When I checked my mares at our distant pasture, I found them exhibiting similar symptoms minus fever, within the month. Seems to be a respiratory thing going around, something that the vaccines don't cover.


January 10, 1999

I took Oreo for a ride yesterday down to the cutting trainer who originally owned Oreo's sire.
Good experience for Oreo. He hasn't been very many places. He was really, really FULL of himself but settled down and I got in a pretty good ride down there.
It was really funny/scarey before we left here tho.
I saddled Oreo and since he was full of bull, turned him into my training pen to get some exercise while I finished getting ready to go. When I went back down there, he was standing in the corner, head turned looking at me, saddle hanging almost under his belly!
What a guy! Didn't hurt the saddle at all. Lots or most horses would have bucked and carried on until the saddle was demolished!
It was a struggle to get it unfastened because I had secured his halter rope to the horn and it was over his back with the weight of the saddle on it.
Anyway, got it all off and re-saddled as my friend drove up so away we went with no delay.
Beautiful cool sunny day, shirtsleeve weather. Wonderful outing!


Spring, 1999

Oreo has continued to improve although my health has prevented me from riding him as much as I would like to. It's good that he is the kind that can have lengthy layoffs without it bringing out problems in him.

Again, people are wanting to breed to Oreo. I have made arrangements to have a very few mares artificially inseminated at Alpha Equine Hospital. Dr. Baker did a motility count and pronounced Oreo to have plenty of semen and high fertility.

My own mare, BAR MONEYS PINK is in foal to Oreo for February 2000.

This week in addition to Oreo getting another lesson in semen collection, I also spent an hour or so letting him learn how to be "staked out" on a rope. Using a soft long cotton rope tied to a tire in my training pen, I watched while Oreo figured out how not to get tangled up. This is not a horse that panics and the lesson went very well.

-----May 8, 1999

As of this date, Oreo has  three, babies on the way.


June 27, 1999

This has been a good week of experience for Oreo. Lasan has been in season all week and we have been live covering her every other day, including today (Sunday)... With each cover Oreo has improved - becoming a little easier to handle, and becoming more adept at what he is trying to do. Lasan has been a good mare to get this done with.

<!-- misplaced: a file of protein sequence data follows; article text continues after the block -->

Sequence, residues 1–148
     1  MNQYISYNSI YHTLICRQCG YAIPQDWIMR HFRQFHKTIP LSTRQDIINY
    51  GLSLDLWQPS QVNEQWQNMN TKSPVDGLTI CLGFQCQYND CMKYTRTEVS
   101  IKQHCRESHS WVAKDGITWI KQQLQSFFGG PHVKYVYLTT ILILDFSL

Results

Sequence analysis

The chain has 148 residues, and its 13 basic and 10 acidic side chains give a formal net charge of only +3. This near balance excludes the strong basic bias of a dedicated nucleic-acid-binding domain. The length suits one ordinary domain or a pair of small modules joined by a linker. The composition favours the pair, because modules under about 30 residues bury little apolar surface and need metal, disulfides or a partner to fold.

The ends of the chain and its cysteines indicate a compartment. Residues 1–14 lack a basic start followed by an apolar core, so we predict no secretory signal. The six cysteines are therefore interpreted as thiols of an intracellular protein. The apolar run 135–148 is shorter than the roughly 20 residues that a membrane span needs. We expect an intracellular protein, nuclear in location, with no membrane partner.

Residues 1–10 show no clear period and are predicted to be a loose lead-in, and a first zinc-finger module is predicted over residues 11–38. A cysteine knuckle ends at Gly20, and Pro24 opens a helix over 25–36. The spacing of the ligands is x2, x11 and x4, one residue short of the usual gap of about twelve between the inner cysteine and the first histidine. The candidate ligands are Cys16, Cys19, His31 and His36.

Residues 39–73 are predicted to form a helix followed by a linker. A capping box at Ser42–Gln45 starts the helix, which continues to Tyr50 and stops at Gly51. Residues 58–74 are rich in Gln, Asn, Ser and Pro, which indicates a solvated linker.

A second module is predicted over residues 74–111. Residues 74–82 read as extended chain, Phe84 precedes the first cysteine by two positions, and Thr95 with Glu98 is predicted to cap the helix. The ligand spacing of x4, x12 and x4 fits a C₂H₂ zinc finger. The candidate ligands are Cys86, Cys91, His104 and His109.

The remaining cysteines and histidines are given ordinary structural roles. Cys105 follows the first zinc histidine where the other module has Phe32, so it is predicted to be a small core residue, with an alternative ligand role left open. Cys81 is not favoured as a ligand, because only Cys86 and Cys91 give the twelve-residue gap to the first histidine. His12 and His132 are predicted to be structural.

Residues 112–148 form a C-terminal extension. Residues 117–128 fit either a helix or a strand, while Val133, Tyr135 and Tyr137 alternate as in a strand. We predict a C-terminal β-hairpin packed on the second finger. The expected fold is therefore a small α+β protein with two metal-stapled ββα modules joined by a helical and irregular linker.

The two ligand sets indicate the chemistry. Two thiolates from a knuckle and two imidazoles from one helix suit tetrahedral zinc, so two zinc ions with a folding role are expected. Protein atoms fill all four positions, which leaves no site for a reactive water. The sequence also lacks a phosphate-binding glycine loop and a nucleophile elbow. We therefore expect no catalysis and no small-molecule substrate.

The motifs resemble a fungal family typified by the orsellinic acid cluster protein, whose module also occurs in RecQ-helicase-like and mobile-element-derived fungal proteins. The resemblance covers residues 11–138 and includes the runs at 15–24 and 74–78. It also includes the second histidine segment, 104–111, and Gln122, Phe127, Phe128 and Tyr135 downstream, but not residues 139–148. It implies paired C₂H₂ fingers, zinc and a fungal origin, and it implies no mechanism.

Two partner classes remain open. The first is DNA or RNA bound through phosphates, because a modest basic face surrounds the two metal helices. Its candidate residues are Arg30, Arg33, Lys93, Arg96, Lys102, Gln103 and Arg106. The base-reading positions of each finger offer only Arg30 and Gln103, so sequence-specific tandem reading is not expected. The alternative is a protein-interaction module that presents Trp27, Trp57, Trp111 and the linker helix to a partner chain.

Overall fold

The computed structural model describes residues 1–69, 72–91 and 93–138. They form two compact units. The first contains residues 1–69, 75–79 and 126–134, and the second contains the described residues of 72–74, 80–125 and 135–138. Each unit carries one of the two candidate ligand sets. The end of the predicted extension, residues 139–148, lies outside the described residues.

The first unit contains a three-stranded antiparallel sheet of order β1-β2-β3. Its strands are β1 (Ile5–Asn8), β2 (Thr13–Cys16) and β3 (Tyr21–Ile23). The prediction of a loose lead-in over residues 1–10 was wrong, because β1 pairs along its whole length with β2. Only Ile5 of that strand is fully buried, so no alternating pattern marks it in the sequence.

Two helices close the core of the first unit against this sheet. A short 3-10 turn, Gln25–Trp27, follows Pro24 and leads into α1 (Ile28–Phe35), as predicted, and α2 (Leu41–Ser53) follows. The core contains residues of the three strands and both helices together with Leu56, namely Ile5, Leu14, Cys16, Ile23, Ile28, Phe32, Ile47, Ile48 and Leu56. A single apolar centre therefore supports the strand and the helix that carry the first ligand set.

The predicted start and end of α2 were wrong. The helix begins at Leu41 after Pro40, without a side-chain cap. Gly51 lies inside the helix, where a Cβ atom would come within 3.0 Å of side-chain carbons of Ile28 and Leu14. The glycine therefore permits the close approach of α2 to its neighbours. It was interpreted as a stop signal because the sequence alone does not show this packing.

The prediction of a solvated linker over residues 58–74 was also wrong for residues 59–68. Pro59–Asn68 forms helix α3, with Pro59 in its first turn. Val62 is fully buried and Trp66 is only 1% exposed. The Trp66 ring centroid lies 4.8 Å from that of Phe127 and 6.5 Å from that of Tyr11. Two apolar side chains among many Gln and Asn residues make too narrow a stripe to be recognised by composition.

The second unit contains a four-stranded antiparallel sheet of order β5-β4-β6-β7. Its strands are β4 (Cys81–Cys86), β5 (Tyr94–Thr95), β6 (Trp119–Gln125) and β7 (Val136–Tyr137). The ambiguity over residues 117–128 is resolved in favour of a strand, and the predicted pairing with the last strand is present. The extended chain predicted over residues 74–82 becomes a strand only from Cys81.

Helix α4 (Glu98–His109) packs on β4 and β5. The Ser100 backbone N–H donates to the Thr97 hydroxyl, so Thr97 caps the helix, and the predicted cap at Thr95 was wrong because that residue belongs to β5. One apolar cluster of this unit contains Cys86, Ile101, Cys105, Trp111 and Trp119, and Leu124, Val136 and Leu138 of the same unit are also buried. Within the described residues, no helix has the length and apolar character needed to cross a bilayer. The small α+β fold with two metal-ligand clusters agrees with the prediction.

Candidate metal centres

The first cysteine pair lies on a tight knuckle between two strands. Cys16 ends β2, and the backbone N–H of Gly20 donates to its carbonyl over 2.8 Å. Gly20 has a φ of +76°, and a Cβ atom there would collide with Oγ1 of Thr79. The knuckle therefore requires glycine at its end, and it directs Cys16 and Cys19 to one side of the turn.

I have started using a rope halter, i.e., lariat rope fashioned into a halter that can exert considerable pressure, rather than O's regular halter. That has also helped to give me better control over his juvenile exuberance.

Today was the best day yet. I saddled him and left him tied under a shade tree for about 3 hours. Then about 3 p.m. I gave him a pretty fair workout. (Well as much workout as I could stand considering the heat and my advanced age!) When I finished working him, I unsaddled him and put him back into his lot.

Then I got Lasan to check her with him. When teasing showed her to still be in heat, I put the breeding hobble and tail wrap on her and tied her under the shade tree.
When I went in to put the lariat on O, he dropped his head for it, was very very quiet, led perfectly out to the mare, altho of course he got excited and attentive...he did NOT try to run over me, drag me or in any way misbehave....
He sweet-talked Lasan and then moved into position and did his deed.

Afterward he led quietly back to his lot. Perfect behavior. I couldn't ask him to be better than he was today.
Now let us hope that Lasan will be in foal!

{ HAPPY NOTE: MISS GO LASAN WILL FOAL AN OREO BABY IN MAY OF 2000, provided things go well and as scheduled! That gives me two of my own mares carrying his get, plus two belonging to other people. He got every mare that he was bred to in foal on the first try. }

September 1999 - MY, it's been awhile since I tended to Oreo's Diary!

So let me back up:

Around the first of September, Oreo came up with an injured mouth. Evidently he was doing his mouthing thing on part of the fence, and hung his incisor, and when he had to pull hard to get loose, actually pulled two of his front teeth (upper) along with the gums, out of line with the others. I found him bleeding from the mouth that morning. The vet assures me that it will heal, the teeth are baby teeth which are about to shed sometime soon anyway, and that there should be no permanent disfigurement.